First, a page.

Wiley told BBC News back in 2012 that it “would be interesting to paint Obama” and that “the reality” of Obama being the U.S. president “means that the image of power is completely new for an entire generation of not only black American kids, but every population group in this nation.”
As for Wiley’s counterpart, the National Portrait Gallery began following Sherald’s work before she was selected to paint Michelle Obama. She won the gallery’s 2016 Outwin Boochever portrait competition with a piece titled “Miss Everything (Unsuppressed Deliverance).”
“It was a strong, beautifully painted image of a person that we all wanted to know more about,” Brandon Fortune, the museum’s chief curator, told ABC News.
The Georgia-born artist is now based in Baltimore. She portrays black men and women with a grey skin tone, and uses splashes of color in their clothing and in the paintings’ backgrounds.
How Wiley and Sherald will approach their portraits of the Obamas remains under wraps, but artists previously commissioned by the gallery shared with ABC News that the process of painting a former president and first lady can be immensely personal.
Sometimes life interrupts art in unexpected ways, the artists told ABC News, imbuing the final product with especially poignant memories.
Robert Anderson felt torn after being selected to paint George W. Bush for the National Portrait Gallery in 2006. Anderson was excited about reconnecting with his former Yale classmate whom he’d painted four years earlier on behalf of the Yale Club of New York City.
But when he was approached by the National Portrait Gallery, Anderson’s father had just fallen ill, and he didn’t want to leave his side.
After receiving his father’s blessing, Anderson flew to Washington, D.C. in October 2006 and joined the president and first lady on a tour of the National Portrait Gallery where they viewed the past presidents’ portraits together.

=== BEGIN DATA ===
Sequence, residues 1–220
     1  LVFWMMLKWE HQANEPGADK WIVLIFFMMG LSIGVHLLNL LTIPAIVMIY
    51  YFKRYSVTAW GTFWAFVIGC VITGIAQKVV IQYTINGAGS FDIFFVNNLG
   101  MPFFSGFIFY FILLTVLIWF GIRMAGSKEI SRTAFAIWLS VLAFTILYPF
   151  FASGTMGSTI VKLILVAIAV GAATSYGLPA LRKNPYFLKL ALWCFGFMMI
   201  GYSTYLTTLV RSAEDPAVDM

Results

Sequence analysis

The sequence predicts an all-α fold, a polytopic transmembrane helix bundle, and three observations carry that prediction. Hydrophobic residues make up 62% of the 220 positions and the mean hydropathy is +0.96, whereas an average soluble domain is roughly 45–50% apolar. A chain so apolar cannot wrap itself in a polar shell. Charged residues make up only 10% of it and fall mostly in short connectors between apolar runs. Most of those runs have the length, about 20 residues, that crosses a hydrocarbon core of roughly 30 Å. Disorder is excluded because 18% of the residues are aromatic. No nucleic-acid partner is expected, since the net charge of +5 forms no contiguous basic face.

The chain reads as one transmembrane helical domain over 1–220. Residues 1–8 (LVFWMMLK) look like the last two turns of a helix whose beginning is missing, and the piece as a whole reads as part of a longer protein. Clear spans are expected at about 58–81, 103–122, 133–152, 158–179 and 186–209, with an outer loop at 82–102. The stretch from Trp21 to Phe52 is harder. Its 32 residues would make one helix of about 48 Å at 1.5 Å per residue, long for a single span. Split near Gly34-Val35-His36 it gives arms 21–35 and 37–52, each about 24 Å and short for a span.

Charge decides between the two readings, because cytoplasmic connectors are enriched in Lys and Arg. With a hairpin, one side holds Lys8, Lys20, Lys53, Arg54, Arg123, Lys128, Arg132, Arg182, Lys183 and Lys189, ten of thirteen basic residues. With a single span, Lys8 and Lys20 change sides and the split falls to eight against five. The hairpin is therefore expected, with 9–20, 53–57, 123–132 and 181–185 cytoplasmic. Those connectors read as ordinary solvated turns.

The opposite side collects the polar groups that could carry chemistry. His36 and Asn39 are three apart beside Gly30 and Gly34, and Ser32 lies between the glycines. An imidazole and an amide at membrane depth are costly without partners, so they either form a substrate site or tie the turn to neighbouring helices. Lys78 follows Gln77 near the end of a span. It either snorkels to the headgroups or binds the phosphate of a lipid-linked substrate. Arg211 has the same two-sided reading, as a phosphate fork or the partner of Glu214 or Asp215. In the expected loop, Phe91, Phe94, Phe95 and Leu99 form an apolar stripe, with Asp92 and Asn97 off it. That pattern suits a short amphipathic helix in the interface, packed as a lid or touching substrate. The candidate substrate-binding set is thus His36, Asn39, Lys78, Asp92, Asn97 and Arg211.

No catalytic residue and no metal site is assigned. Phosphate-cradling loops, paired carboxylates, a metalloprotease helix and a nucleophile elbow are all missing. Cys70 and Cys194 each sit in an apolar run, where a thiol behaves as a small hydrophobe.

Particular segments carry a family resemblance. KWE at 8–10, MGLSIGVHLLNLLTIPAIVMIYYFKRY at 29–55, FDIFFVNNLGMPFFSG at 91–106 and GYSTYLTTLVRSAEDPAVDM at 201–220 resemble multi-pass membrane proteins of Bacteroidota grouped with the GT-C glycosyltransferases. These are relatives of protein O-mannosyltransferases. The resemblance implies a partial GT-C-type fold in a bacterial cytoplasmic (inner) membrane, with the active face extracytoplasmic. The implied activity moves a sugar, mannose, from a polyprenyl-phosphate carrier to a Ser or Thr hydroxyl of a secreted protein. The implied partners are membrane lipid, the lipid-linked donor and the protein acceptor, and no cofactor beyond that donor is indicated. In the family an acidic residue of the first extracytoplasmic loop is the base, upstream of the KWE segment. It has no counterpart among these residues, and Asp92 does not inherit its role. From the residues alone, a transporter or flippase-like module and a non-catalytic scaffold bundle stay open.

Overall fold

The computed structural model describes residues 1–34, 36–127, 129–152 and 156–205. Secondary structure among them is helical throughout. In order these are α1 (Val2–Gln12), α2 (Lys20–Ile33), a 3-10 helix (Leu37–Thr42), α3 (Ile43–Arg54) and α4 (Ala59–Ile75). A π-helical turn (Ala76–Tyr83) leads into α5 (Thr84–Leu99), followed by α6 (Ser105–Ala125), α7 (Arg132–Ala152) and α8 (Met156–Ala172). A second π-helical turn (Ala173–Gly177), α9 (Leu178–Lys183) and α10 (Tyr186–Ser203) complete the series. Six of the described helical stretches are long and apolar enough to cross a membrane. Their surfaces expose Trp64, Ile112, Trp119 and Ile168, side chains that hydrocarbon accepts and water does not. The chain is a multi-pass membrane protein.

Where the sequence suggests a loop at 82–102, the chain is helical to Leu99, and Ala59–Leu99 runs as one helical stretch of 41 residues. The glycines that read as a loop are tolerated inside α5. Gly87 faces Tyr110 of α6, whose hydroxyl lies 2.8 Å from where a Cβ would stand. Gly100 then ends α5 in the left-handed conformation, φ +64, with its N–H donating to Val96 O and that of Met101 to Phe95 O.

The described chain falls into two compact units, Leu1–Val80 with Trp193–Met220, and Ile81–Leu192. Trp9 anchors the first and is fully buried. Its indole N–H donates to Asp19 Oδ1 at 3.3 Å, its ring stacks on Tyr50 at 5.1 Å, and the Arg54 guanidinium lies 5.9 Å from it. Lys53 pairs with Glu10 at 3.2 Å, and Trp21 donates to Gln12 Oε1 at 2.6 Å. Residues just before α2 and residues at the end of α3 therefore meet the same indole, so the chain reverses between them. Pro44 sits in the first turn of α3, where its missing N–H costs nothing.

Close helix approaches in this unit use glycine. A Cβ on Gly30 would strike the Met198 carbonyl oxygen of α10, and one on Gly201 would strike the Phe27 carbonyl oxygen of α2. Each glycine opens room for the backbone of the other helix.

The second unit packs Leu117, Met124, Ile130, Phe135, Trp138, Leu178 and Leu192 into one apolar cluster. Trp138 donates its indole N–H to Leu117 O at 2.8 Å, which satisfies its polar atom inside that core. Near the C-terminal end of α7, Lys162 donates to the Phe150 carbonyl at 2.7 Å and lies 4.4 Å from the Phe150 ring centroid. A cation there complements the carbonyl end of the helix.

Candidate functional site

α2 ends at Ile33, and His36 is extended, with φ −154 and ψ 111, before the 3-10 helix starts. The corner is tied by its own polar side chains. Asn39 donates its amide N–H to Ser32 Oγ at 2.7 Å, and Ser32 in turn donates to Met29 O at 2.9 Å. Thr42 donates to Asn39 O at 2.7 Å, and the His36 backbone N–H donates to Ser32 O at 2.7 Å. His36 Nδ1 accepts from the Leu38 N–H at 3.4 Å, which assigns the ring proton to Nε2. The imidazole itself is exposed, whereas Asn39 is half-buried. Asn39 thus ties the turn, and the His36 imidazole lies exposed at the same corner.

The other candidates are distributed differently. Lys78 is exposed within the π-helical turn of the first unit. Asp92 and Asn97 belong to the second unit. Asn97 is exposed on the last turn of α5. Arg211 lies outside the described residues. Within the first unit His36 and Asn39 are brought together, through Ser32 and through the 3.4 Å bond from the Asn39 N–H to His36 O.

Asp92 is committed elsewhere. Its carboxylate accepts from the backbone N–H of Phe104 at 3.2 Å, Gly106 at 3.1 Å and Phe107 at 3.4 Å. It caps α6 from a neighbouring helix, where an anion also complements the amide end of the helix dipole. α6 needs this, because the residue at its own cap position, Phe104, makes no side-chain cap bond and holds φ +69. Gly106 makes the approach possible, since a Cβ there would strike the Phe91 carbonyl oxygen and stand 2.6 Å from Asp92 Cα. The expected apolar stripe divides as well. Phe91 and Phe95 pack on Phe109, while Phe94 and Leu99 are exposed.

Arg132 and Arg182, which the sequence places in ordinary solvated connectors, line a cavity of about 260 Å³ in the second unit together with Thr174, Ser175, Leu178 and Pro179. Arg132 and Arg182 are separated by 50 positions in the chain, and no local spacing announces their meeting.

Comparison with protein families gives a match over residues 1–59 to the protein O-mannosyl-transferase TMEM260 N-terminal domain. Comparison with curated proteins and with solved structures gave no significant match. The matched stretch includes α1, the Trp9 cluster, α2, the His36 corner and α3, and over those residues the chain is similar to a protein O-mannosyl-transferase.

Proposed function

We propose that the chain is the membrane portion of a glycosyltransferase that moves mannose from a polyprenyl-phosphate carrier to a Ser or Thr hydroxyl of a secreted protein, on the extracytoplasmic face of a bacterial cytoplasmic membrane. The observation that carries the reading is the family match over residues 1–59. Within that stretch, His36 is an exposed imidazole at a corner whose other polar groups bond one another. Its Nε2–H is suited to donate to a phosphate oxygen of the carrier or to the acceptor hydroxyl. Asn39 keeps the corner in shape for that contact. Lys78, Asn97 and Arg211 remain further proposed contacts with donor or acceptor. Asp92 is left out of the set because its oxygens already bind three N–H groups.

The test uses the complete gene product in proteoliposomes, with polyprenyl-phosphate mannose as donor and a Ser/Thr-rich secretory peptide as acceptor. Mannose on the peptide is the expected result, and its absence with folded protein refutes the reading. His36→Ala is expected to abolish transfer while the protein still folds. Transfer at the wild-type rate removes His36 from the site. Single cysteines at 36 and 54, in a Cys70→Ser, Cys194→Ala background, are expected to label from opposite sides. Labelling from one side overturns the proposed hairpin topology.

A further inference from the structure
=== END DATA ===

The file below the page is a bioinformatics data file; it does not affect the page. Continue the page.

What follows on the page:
Anderson recalled in an interview with ABC News that Bush turned to him and said, “I do not want to be the largest painting in the gallery. I don’t want the size of it to be conspicuous.”
At the end of their tour, the elevator taking them to the exit stalled.
“The president was kind of joking with the elevator operator that maybe she didn’t push hard enough or something. And she tried again. Nothing,” Anderson said.
As a security precaution, the Secret Service detail led the president, the first lady and the artist out the elevator and down the stairs. Having thought nothing of the incident, Anderson accompanied the first couple back to the White House for lunch.
On the train ride back to home to Connecticut, Anderson called his sister to check on his father.
“And she told me that he had passed away and that he had passed away right about the time that the elevator stalled,” Anderson said. “It still puts goosebumps on my arms to talk about that. I had just this sense…that he stopped in for a short visit and made himself known.”
Anderson added, “When I left my father said, nearly his last words to me were, ‘This is really important. I really want you to go. I wouldn’t have it any other way.’ With that sendoff, it was pretty powerful.”